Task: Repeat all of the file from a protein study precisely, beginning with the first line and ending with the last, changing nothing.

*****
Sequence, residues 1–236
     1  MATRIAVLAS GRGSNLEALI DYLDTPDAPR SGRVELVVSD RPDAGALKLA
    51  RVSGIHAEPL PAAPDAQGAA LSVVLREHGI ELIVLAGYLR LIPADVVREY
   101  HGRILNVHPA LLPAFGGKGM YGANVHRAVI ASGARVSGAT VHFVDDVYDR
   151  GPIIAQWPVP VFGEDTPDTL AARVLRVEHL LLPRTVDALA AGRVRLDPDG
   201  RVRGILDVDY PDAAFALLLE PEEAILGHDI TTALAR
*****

Sequence, residues 1–236
     1  MATRIAVLAS GRGSNLEALI DYLDTPDAPR SGRVELVVSD RPDAGALKLA
    51  RVSGIHAEPL PAAPDAQGAA LSVVLREHGI ELIVLAGYLR LIPADVVREY
   101  HGRILNVHPA LLPAFGGKGM YGANVHRAVI ASGARVSGAT VHFVDDVYDR
   151  GPIIAQWPVP VFGEDTPDTL AARVLRVEHL LLPRTVDALA AGRVRLDPDG
   201  RVRGILDVDY PDAAFALLLE PEEAILGHDI TTALAR